Yesterday we celebrated the nineteenth anniversary of surviving attempted murder and escaping my abuser.
I was raped and had miscarried from his abuse before I turned 19, so it feels really weird to wrap my brain around the time frames. I survived the strangulation, escaped, and started to deal with my trauma while I was 19. And yet I still have him a little power up until the past six months. The part of me that was still holding up my emotional wall became terrified that he would go after our daughter once we adopt, knowing from experience how I feel about motherhood; he witnessed just how effective causing the miscarriage was for devastating me. Thankfully my amazing psychiatrist helped me work through the residual fears while we discussed preventing triggers for me with the adoption. I hadn’t even realized that I was still giving him that tiny bit of power. I always feared him taking away another child.
It’s also hard to believe that nineteen years ago people acted like they didn’t know and didn’t try to help me; they turned a blind eye essentially. Now we are in a culture of “#metoo”. It’s sad to know that some are seeking fame and money, but I’m glad we have finally reached a point that we stopped looking the other way. Domestic violence is finally a cause that we discuss instead of gossiping about behind closed doors.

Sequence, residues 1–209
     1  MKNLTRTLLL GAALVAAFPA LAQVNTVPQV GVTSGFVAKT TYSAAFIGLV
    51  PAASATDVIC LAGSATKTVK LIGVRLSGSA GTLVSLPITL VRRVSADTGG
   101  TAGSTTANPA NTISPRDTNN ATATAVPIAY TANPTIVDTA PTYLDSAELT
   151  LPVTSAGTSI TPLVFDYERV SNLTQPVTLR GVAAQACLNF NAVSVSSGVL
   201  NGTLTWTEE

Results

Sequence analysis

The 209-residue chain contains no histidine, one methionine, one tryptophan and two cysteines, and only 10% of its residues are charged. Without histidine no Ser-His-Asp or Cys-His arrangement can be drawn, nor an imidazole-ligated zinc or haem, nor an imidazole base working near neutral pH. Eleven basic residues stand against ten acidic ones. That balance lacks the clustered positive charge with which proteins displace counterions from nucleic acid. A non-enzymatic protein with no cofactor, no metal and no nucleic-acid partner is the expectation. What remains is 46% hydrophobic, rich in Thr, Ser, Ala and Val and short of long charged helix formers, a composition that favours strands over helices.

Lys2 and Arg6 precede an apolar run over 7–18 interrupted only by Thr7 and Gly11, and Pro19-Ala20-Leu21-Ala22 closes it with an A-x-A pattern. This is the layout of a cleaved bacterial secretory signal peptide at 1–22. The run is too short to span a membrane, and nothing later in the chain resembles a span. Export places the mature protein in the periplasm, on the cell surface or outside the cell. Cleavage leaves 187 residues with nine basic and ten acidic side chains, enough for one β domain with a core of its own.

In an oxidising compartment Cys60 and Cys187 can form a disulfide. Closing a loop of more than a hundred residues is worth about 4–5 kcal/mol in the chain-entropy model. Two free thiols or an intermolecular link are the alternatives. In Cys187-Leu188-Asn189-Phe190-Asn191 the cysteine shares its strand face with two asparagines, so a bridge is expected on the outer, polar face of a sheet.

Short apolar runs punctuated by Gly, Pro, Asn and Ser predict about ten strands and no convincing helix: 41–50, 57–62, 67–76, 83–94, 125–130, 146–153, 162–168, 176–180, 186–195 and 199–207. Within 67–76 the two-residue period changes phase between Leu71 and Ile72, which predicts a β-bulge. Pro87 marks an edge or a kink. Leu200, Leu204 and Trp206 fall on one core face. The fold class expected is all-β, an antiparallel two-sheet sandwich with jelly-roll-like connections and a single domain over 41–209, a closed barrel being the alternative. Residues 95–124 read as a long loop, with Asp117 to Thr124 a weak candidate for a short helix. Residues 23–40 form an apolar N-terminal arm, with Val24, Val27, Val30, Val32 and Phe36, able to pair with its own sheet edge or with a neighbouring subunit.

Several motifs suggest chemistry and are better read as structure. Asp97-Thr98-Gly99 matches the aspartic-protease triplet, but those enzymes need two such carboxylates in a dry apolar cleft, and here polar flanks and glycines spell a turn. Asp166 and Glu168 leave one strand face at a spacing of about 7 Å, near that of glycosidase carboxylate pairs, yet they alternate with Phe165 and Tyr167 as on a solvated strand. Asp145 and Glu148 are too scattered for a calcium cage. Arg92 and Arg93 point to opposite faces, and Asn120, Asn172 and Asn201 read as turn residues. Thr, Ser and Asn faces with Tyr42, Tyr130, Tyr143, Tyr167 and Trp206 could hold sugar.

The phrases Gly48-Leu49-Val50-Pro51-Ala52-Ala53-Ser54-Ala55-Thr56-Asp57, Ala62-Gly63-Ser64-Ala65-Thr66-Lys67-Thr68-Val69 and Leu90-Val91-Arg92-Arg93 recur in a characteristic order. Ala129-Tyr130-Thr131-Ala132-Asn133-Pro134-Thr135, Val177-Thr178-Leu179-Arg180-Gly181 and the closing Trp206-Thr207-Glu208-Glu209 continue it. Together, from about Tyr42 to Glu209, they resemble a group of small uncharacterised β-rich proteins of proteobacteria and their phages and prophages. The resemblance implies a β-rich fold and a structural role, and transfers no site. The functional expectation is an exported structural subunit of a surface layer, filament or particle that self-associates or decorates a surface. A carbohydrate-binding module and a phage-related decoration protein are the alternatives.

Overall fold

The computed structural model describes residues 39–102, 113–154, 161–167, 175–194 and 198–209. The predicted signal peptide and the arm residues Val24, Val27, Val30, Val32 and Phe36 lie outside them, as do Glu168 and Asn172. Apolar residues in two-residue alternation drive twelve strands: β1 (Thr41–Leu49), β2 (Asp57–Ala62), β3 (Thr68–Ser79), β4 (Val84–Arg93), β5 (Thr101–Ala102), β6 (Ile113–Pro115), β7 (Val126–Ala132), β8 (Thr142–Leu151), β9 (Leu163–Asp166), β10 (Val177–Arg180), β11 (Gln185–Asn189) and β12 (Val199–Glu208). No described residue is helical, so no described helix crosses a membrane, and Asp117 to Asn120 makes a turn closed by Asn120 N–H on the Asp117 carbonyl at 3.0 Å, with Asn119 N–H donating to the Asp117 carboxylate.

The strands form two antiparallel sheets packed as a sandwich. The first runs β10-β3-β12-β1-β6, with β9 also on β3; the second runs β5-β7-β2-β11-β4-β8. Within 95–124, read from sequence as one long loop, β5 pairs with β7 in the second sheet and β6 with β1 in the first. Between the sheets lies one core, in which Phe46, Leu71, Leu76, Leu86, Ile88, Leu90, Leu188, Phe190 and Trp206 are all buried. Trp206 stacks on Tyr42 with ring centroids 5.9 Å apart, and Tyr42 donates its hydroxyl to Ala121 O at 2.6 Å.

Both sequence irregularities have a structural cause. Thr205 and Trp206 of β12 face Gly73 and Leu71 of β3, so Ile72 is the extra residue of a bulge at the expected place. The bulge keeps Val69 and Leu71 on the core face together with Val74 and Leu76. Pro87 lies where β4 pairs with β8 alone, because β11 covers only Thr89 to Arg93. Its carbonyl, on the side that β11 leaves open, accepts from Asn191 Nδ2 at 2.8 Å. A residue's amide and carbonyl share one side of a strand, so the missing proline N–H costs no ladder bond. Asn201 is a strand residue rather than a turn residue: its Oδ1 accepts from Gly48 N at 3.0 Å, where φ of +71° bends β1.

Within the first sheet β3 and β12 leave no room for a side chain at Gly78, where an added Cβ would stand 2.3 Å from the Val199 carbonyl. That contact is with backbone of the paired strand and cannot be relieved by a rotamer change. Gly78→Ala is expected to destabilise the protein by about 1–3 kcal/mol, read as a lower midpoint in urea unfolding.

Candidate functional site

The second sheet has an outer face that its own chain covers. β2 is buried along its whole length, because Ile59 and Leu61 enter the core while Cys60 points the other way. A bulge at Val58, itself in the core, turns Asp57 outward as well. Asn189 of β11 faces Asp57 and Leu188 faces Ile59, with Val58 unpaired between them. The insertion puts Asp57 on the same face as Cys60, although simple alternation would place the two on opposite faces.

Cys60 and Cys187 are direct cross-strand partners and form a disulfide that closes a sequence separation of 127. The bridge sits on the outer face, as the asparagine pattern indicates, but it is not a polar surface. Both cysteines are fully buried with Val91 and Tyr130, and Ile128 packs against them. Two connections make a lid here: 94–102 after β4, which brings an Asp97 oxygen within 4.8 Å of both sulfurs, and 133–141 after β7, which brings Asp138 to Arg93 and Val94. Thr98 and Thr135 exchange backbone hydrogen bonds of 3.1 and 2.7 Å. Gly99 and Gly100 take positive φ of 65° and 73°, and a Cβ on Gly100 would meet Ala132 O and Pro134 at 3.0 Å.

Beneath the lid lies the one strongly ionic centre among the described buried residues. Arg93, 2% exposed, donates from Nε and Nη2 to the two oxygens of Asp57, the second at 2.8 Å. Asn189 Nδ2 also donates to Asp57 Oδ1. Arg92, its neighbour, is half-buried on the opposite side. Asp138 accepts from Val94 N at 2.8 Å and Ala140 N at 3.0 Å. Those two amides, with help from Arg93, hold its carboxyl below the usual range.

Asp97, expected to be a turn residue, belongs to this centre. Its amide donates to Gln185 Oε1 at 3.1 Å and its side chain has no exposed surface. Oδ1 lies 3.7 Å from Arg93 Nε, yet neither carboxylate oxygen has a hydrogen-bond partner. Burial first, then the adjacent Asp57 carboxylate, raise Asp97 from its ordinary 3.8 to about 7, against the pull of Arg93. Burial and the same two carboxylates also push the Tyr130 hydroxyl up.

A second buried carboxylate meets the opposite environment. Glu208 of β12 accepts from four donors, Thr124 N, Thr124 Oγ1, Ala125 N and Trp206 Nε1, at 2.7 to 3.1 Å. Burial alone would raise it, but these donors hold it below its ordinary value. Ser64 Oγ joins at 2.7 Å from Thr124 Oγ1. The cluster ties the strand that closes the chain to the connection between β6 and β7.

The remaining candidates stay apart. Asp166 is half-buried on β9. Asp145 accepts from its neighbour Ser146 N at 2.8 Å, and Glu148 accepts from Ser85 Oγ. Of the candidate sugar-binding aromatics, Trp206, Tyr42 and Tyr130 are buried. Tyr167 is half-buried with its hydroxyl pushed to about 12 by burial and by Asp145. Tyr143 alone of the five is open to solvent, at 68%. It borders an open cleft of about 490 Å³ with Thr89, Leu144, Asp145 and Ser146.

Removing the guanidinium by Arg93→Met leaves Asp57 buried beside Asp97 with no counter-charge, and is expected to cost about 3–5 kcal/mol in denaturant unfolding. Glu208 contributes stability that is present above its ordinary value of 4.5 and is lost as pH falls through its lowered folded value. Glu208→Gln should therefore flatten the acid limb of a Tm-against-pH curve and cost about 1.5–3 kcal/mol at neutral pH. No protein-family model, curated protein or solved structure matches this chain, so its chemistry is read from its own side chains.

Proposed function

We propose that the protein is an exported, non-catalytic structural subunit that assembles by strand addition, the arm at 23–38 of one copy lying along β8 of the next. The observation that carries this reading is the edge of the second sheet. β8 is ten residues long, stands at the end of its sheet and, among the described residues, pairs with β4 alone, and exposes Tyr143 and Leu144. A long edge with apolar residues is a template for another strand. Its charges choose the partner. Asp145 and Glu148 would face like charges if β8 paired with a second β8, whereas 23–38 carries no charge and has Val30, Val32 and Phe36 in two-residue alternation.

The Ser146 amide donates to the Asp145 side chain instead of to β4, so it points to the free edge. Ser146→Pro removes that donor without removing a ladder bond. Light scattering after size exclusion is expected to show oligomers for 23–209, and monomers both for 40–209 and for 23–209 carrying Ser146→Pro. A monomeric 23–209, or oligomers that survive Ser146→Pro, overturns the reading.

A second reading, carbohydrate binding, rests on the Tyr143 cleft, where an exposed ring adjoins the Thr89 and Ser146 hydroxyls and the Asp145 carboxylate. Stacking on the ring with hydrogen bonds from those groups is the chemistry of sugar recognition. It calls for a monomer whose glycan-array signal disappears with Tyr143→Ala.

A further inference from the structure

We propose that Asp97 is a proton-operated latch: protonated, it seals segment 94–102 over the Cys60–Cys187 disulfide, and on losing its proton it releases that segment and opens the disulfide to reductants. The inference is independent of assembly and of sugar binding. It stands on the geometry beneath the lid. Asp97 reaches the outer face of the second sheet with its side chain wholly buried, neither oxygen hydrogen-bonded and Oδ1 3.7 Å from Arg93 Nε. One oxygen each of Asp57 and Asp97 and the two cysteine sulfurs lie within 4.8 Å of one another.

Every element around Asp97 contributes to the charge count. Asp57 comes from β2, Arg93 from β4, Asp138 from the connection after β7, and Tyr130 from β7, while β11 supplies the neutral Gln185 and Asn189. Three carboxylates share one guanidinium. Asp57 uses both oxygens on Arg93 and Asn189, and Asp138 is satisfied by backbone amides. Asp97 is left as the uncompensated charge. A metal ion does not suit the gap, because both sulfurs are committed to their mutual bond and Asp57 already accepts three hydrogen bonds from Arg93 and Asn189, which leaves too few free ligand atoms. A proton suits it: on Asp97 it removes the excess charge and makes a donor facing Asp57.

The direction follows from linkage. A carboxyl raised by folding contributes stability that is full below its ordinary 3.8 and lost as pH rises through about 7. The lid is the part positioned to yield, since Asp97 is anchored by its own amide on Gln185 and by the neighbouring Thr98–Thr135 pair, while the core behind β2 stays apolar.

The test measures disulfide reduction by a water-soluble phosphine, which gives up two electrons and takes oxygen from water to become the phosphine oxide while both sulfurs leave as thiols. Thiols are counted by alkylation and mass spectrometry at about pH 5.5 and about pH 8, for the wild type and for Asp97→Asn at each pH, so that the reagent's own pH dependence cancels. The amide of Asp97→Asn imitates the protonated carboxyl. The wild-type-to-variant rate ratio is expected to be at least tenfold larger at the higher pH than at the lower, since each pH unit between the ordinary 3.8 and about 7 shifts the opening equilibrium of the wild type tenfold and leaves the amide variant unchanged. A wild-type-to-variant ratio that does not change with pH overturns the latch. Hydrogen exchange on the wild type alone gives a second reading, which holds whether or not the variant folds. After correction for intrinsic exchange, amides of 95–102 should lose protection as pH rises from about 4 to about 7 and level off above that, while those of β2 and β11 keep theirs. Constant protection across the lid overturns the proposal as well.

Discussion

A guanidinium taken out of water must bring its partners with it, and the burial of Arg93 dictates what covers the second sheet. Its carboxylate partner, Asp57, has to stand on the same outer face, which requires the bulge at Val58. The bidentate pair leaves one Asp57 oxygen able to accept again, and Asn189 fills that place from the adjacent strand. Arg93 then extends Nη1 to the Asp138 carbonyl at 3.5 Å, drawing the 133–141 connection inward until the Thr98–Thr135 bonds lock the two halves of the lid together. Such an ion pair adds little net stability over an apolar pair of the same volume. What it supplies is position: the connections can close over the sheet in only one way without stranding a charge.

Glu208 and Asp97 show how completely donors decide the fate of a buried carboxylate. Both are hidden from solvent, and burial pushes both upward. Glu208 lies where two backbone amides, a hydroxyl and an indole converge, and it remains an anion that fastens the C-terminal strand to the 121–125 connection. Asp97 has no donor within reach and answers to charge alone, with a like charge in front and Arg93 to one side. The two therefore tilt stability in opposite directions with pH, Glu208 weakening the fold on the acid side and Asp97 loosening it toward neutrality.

I hope that surviving and working so hard to help others will also help with our daughter’s trauma. I hope that the next nineteen years will be empowering for all victims and that our society will truly begin to help the portions of our population that in general have been neglected for far too long. I dream that before my daughter’s own nineteenth anniversary of surviving her traumas we learn to help our veterans, the elderly, victimized people, and especially our children.
One last note that I hope helps. I learned from a close friend this anniversary that most people don’t know how to handle hearing about survivor anniversaries. Thankfully she told me that she didn’t know how to react, which was so enlightening and encouraging. Celebrate with the survivor and cheer their strength for coming so far. They trusted you enough to share their accomplishment with you. They’ll even feel heard well enough to share any mixed emotions then, if they have them. But first, please celebrate that they worked hard to become a survivor.
So sorry for all you’ve gone through, but so proud of how far you’ve come. I admire your strength and courage. You will be a wonderful Mom. You’ve used all you’ve been through to become a strong, compassionate, beautiful woman.
Aw, thank you for the incredible compliments and the belief in my ability! I really hope that my experiences will be able to help Kiddo, if not others. My fear of failing as a mother is normal, I keep getting told. 🙂